My friend Marco has been working on turning his life around for years. He’s in his early 50’s and recently went back to college to get the certificates he needs for the job he wants. He told me the most beautiful story today.
He was on his way to school and running a little behind. He noticed an open photo album laying in the ground with some other papers and books around it. He thought to pick it up and see whose it was, but he was running late and so he kept going.
On his way back a few hours later, he saw the album still laying in the grass, but this time it had been kicked and opened. Probably someone was looking for money in there. He got to his car, put the key in the ignition and something felt very off to him. He told me, “ I don’t want to live my life and pass by something that could be really important to someone else,” so he took the key out of the ignition and walked back to the site where all the stuff was strewn.
As he walked back, the story he crafted in his head was that this guy’s car was probably broken into and the thieves tossed this seemingly useless stuff out the window. The guy was probably freaking out.
When he got to the grassy patch and glanced at the album, he saw smiling Latino faces peering back at him. He took a closer look and saw all kinds of important documents in there; a birth certificate, a high school diploma and important citizenship papers. He also saw pictures of children, grandparents and some sweet memorabilia.
Marco was right.
The man’s car had been stolen and all the stuff in the backseat was tossed in the getaway. He was a 25 year old man who was enrolled in his local community college. In the pile of stuff, there was also a Narcotics Anonymous book. It turns out this young man has been trying to turn his life around from addiction.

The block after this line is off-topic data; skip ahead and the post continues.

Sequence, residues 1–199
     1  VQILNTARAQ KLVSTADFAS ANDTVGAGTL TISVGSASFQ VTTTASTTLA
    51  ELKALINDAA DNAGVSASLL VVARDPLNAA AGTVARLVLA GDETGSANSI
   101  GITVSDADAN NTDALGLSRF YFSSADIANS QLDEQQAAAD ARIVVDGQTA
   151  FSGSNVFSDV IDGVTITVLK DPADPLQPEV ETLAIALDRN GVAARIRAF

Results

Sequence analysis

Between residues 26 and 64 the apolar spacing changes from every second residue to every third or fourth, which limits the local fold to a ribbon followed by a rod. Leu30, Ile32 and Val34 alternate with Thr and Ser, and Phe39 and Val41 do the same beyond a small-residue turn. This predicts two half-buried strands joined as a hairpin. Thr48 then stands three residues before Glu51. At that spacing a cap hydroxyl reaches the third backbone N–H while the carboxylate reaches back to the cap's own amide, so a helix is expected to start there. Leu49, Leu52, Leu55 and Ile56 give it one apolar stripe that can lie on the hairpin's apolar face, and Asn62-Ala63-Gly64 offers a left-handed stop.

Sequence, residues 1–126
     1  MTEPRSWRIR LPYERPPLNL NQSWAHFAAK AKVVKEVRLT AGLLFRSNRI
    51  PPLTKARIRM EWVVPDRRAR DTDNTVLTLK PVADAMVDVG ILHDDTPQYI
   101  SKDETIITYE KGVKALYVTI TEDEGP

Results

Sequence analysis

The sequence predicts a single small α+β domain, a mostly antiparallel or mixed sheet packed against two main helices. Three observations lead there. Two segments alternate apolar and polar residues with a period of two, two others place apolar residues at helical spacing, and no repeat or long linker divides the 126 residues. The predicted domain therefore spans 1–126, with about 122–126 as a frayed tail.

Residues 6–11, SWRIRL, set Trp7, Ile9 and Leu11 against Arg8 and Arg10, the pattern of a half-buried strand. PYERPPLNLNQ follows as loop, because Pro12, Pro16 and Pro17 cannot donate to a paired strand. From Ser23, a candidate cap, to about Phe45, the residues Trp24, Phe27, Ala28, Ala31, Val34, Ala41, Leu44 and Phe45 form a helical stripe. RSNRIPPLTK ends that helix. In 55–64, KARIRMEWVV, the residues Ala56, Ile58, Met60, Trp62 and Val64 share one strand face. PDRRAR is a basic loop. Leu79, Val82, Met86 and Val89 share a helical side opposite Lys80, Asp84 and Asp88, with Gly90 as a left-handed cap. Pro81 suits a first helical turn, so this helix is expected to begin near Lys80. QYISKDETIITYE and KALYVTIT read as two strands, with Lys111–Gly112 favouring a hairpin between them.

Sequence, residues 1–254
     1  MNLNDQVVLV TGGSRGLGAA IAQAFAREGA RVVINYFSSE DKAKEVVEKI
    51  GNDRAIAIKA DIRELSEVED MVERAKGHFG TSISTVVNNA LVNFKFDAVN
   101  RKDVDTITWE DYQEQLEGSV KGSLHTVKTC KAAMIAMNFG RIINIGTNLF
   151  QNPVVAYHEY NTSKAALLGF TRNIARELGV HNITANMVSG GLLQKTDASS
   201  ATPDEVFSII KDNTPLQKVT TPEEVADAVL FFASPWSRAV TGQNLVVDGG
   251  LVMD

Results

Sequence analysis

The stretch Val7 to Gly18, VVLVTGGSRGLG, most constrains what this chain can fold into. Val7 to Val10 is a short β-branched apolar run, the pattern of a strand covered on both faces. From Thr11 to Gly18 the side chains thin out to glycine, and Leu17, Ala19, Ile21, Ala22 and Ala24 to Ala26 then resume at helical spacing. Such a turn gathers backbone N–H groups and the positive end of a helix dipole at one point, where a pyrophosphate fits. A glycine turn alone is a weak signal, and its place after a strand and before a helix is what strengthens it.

His parents came from Mexico when he was one and he didn’t speak any Spanish, only English. My friend Marco is also Mexican, in a Twelve Step program, and sober from a drug addiction.
Marco was deeply touched at how synchronistic this chance meeting was. As he looked through the papers in search of contact information, he saw the young man’s name.
Marco. They were tocayos, Marco told me and I could feel the joy and love coming through in his words. In Spanish, tocayos is a term of endearment that represents when two people share the same name — a namesake.
Young Marco thanked my friend Marco for taking the time to pick up his albums, for calling him and arranging a meeting. He had been very upset about his car being stolen and losing all of his important and sentimental stuff. He opened his wallet to offer Marco some money.
Marco told him, “Oh I don’t want your money. But this is going to cost you a lot more than money.”
Young Marco looked nervous.
Marco said, “This is going to cost you a promise.”
Young Marco’s Promise List:
- Finish school
- Work your Twelve Steps
- Live a happy life
- Be kind to others
- Be a good example for Hispanic kids